Now, it’s going to take time to shift some of those norms. At Pace University we just had a resilience summit in January and we’re just convening today to think about part two, using this as a case study. It has to not just be, How can we fix the stuff that broke? It has to be, How can we build more smartly going forward, recognizing sea level rise, recognizing that even with great climate policy that our development patterns here are putting a lot of us in harm’s way, and then, trying to shift toward more sensible norms. There will be resistance. The first step is to review what happened.

There’s a piece I posted that leads off with a guy from the American Meteorological Society, named Bill Hooke, saying that maybe we need an NTSB for disasters. What the NTSB does for aviation disasters is a very thorough review of what went wrong, all the way back down the chain, and then how to make it less wrong. But we don’t have that for disasters like this on a national scale. I think something like that would be a smart thing.

So where does the action have to start? You examine what’s gone wrong, maybe you have a government panel or an outside panel saying here’s what’s wrong, but does the action have to start with people deciding not to move next to the coast or the government saying....
Well, government is still small compared to business and just, humanity. So I’m sure there are a lot of CEOs of companies who are saying, again, How did this happen? How did our business fail? And there is one, like, distributed power generation—I think I included the link—where the light stayed on because they use cogeneration. There was a piece in Forbes that I tweeted that said Natural Gas infrastructure is a parallel power grid. And there are a bunch of buildings in Manhattan that are doing cogeneration, taking the gas and making their own power, fuel cells. If you can do that, you’re limiting your exposure to power failure. So look at the systems that failed, find out how they failed, and decide what are common sense steps to make that not happen. Then, on a deeper level, what are the policy innovations that could fundamentally shift us toward more resilience in a world of changing climate?

I live in the Hudson Valley. Twice in recent years we had roads wash out and we qualified for FEMA money, but from what I understand, FEMA money comes and allows you to build your road back to existing standard. Swinging back, that gives a great ability to educate people about climate at the local level. Saying. Hey, Why in the world would we be building these roads only back to the existing damage for drainage and flooding when one of the most powerful findings in climate science is more rain coming in the downpours? That’s another one that’s robust. So splitting it off from the, Oh, we need to reduce emissions argument, which is very divisive, you can at least get traction on that.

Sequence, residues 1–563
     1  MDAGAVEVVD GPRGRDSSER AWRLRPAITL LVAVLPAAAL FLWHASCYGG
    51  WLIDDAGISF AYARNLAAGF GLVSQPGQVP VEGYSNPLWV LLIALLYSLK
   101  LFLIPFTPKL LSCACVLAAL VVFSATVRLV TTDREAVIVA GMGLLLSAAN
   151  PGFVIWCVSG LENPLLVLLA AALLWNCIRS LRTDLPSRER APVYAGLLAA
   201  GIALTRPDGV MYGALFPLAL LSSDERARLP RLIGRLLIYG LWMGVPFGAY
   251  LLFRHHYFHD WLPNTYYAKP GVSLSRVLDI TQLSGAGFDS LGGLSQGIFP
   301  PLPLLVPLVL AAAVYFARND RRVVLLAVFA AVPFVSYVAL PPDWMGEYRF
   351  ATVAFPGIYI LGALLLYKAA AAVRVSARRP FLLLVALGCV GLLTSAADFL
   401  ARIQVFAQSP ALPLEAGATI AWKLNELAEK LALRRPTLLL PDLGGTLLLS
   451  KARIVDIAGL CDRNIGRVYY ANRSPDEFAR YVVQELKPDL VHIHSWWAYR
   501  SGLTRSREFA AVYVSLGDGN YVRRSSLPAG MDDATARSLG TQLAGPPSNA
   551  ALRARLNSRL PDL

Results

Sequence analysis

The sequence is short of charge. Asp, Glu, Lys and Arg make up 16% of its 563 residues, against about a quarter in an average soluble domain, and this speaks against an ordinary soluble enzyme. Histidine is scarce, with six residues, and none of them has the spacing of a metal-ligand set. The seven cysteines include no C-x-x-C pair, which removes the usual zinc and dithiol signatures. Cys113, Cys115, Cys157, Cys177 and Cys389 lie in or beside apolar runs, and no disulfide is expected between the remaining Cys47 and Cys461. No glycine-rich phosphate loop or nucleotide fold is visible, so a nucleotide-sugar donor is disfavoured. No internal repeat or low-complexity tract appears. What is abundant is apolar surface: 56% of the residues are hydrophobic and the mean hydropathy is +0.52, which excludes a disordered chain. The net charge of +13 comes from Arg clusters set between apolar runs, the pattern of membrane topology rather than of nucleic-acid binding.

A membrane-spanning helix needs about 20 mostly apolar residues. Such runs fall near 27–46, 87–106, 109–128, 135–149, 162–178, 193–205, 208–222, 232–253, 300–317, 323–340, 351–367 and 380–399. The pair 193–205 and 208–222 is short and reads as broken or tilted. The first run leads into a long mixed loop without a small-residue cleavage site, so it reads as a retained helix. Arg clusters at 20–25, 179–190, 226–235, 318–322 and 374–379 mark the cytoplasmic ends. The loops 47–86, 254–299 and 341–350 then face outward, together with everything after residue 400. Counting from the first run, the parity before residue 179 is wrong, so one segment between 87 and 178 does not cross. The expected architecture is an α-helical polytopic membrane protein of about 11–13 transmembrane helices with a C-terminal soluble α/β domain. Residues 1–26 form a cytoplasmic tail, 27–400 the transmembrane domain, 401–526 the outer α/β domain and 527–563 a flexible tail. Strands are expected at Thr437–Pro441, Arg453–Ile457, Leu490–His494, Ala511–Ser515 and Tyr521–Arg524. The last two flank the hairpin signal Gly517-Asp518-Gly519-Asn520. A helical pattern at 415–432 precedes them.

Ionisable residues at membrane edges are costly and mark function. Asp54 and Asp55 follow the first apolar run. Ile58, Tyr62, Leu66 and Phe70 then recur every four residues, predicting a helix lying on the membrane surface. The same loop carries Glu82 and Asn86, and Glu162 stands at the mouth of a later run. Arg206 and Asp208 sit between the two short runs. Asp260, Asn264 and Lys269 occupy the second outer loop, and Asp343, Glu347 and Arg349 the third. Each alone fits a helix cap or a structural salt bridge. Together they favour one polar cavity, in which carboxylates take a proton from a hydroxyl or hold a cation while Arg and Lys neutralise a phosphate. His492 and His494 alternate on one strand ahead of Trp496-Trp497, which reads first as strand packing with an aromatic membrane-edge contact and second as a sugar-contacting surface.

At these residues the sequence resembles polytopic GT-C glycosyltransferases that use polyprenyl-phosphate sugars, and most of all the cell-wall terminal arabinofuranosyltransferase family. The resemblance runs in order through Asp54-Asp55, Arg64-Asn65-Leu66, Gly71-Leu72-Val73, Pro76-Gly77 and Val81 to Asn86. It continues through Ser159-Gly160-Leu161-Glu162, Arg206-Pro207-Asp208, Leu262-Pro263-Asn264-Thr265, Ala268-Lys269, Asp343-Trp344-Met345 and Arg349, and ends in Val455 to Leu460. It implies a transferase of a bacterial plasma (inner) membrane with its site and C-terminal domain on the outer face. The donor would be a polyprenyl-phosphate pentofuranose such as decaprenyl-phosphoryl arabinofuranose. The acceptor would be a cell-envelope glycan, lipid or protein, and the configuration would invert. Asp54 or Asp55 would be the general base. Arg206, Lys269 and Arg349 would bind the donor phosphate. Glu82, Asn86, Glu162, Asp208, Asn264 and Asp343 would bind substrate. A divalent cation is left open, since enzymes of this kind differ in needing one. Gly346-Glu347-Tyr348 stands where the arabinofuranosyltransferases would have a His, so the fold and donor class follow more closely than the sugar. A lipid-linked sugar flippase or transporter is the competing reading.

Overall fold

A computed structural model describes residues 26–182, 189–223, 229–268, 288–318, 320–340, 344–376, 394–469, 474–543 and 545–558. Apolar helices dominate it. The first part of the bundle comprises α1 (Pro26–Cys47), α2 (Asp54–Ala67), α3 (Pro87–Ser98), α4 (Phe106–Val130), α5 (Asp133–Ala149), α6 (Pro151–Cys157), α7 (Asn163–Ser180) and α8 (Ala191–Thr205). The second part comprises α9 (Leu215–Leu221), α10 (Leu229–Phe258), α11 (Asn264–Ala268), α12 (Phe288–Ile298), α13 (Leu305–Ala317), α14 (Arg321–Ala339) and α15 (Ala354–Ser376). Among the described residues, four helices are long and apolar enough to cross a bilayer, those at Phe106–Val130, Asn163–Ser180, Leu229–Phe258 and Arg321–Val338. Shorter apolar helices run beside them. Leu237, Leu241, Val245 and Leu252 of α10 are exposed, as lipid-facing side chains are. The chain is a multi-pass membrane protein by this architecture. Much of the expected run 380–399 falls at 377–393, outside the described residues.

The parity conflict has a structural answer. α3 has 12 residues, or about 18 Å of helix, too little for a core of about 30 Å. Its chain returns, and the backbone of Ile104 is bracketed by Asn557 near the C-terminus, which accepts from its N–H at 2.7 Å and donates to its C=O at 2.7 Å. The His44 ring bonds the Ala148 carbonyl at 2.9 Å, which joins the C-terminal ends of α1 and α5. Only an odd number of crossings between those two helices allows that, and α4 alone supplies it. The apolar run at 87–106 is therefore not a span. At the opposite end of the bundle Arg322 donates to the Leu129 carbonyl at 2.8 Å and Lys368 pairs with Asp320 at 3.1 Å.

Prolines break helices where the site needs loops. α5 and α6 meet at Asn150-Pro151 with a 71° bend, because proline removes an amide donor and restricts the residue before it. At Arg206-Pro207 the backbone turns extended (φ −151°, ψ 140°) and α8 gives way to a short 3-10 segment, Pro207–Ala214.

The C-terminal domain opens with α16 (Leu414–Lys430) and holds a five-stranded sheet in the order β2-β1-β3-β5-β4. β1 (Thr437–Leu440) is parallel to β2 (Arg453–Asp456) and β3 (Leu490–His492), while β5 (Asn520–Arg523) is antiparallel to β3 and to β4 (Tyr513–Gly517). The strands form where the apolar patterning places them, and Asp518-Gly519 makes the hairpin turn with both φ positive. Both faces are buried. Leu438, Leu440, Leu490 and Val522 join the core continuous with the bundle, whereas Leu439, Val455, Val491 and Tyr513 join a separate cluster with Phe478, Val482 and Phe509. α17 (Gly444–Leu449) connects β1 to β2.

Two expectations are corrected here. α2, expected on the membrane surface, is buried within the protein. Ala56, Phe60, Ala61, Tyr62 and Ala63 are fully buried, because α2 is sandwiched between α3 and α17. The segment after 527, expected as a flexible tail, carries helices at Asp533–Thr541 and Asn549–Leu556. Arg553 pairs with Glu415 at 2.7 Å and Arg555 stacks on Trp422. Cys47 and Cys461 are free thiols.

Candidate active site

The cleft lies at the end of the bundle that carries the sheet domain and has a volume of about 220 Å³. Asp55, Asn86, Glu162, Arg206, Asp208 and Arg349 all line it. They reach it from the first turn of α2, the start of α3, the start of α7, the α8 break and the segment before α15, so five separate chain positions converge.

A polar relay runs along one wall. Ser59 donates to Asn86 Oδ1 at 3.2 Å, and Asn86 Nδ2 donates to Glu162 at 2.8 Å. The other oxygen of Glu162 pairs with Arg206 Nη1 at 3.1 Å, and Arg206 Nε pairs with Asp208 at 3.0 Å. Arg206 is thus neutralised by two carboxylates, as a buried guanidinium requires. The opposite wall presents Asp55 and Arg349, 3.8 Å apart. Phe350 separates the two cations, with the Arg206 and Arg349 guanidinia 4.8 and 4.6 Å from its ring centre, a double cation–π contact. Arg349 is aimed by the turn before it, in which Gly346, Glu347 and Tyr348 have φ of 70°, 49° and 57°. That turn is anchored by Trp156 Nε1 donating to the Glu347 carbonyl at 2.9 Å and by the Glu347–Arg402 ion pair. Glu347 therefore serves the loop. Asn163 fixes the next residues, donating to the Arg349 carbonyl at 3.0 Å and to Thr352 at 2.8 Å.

And so if people take certain things away from Sandy in terms of climate change, in your mind, what would they be?
Well, rising seas will exacerbate the surge impact from any storm, and, in the long run, and that means dealing with global emissions. And remember, China’s emissions are more important than ours in the sense that we’re actually reducing our net emissions. China is still in high gear. So if you care about the long run challenge of patterns about blunting risk from extreme storms, start on a path toward the world developing new energy norms.

But, at the same time, the core message is that the coastal city is a sitting duck. And what about our risk calculations for investing in things like storm barriers or storm drains, big pumps in the tunnels, versus other things that we tend to focus on because they’re more of a near-term priority? Reexamining those decisions is vital.

In terms of science, do you think there’s something to be learned from Sandy?
Well, yeah, the very first piece I wrote on Sandy was about making sure we keep our investments up in informational and analytical infrastructure, in computer models and other things, so we can have the best chance of being prepared on the ground for this sort of thing. That’s another area, observation and monitoring, that we’re really bad in keeping up investments in. Whether it’s acid rain deposition or weather satellites, we’re just really bad at that. And that just really gets at our bias at the near and the now, and how do we? That’s one of the reasons I left journalism, to dig in on how it is we end up making the wrong decisions, or what looks like the wrong decisions.

Why does that happen?
Politics derives from human nature, and we’re just really bad at that. I’ve written about the tsunami stones that were written on the slopes of Honshu Island in Japan. They said, Don’t build beyond this point. If we get the tsunami risk wrong, what makes us think we’re going to get the climate risk right? A message was actually etched in stones there from experience, on the ground, and they still forgot.